Natural Pest Control for Houseplants:

Don’t use chemical pesticides (also known as insecticides) to try to kill houseplant pests. Not only are they dangerous to you, your family, and your pets; pesticides are expensive and they don’t always work to kill houseplant pests. Some common houseplant pests are resistant, or can quickly build up resistance to pesticides. Try these safer, more effective methods instead.

Soapy water – Soap kills houseplant pests on contact. Treat infested plants using water mixed with a mild liquid soap. The recipe that works the best for me is one teaspoon mild liquid soap  to one liter of water. Use in a spray bottle, or to wash the leaves of heavily infested plants (test it on a leaf first to make sure the plant isn’t sensitive to the mixture).

 
Rubbing alcohol – Use a cotton swab dipped in rubbing alcohol to remove insect pests from the plant. This can be a bit tedious, but it works great to remove large clusters of pests like aphids, scale, or mealybugs from a plant.
 
Neem oil - This is a natural, organic product that can be very effective for controlling and eliminating common houseplant pests. Neem oil works by messing with the brains of the pest insects so they stop eating and mating, and then eventually die off.  It also has a residual effect, so you don’t have to treat the plant every day like you would with other methods.
 
Soil toppings – Top the soil of an infested houseplant with a product like Gnatnix or sand to control soil gnats. Topping the soil with diatomaceous earth could also help control soil gnats and other pests that live and breed in houseplant soil.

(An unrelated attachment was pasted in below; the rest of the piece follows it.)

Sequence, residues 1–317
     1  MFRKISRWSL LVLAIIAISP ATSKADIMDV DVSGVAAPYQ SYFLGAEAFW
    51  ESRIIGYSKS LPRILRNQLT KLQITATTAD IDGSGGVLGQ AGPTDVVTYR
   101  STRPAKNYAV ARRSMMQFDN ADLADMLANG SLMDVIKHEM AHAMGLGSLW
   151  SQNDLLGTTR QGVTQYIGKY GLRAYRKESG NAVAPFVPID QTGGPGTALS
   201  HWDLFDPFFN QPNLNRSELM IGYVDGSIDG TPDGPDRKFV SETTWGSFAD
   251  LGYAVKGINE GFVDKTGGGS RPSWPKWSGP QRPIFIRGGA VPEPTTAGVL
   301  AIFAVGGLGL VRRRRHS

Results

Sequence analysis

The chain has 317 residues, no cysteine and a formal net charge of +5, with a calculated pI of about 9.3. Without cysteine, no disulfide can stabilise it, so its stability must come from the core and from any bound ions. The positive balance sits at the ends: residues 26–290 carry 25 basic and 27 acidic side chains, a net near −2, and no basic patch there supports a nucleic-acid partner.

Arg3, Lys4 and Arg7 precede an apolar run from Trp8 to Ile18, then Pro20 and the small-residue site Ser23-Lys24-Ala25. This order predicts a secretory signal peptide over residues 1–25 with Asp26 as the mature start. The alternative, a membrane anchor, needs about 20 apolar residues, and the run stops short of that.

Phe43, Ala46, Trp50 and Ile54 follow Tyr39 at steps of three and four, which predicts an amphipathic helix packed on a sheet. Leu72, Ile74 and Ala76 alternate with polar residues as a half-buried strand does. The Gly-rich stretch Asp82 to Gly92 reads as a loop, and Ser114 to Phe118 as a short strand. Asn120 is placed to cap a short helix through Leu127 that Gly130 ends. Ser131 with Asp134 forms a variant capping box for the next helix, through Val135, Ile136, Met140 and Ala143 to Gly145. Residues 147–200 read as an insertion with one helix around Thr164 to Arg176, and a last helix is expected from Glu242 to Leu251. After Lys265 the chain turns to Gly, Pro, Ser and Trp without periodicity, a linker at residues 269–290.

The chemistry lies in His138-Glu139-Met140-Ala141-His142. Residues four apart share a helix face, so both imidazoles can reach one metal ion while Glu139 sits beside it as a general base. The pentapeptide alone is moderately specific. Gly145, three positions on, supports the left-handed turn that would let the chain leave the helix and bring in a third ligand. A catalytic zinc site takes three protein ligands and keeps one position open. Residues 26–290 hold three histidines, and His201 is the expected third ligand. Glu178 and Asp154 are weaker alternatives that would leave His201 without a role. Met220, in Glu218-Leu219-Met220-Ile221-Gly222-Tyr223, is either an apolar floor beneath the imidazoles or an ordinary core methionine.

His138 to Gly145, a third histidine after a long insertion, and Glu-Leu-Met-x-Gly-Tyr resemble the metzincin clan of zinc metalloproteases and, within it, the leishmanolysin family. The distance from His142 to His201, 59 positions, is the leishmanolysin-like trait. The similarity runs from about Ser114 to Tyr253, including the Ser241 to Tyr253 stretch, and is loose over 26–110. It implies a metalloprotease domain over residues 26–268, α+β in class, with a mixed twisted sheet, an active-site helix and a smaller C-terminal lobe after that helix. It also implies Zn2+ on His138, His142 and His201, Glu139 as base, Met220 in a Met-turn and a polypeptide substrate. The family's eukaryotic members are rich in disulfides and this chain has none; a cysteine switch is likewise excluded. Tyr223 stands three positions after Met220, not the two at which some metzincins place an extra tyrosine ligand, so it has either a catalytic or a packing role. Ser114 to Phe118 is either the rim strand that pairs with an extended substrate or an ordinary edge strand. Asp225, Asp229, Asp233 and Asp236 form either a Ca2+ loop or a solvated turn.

Yellow sticky traps – These are inexpensive and work great to capture adult flying houseplant pests like soil gnats and white flies.

It will take several treatments to eliminate any houseplant pest infestation, persistence is key. Once you start treating a houseplant for a pest infestation, continue to treat it at least once a day until the infestation is under control. Don’t despair, you can win the battle and keep your houseplants pest free!

 
Getting Rid of Aphids:

Minor infestations:

There are many methods of dealing with aphids. If there are only a few and you have seen them before too much damage is done simply remove them and isolate them.

Spray them with water from a hand sprayer or hold the affected part of the plant under a gentle flow of water from a shower and rinse them away. If you add a small amount of liquid soap to the water in the hand sprayer the treatment will be doubly effective. You should repeat the treatment after a week to catch any aphids that might have hatched.

You can also wipe them off with a damp sponge or a moistened cotton swab.

Natural controls:

Aphids have many natural enemies which keep their population in check, when they occur outdoors. Ladybirds and lacewings in particular will help to control an infestation.

Serious infestations:

Strong measures are needed to combat a severe attack. The safest way is to cut out the aphid-infested parts. However, this may not be successful, as aphids may return to parts so far not affected.

In this case use insecticides which are derived from organic products. Pyrethrum is a mild insecticide available as a dust or powder which is applied in solution with water.

It is a natural product with no known harmful side effects. It is especially useful as a spray on edible plants as it is non-toxic.

It works more effectively if a second application is made a week after the first.

Other insecticides. There are many products available which are effective in combating aphids. Some are contact sprays which kill the insect on contact. Others are systemic — they poison the insect as it draws up the sap.
 
Getting Rid of Fungus Gnats: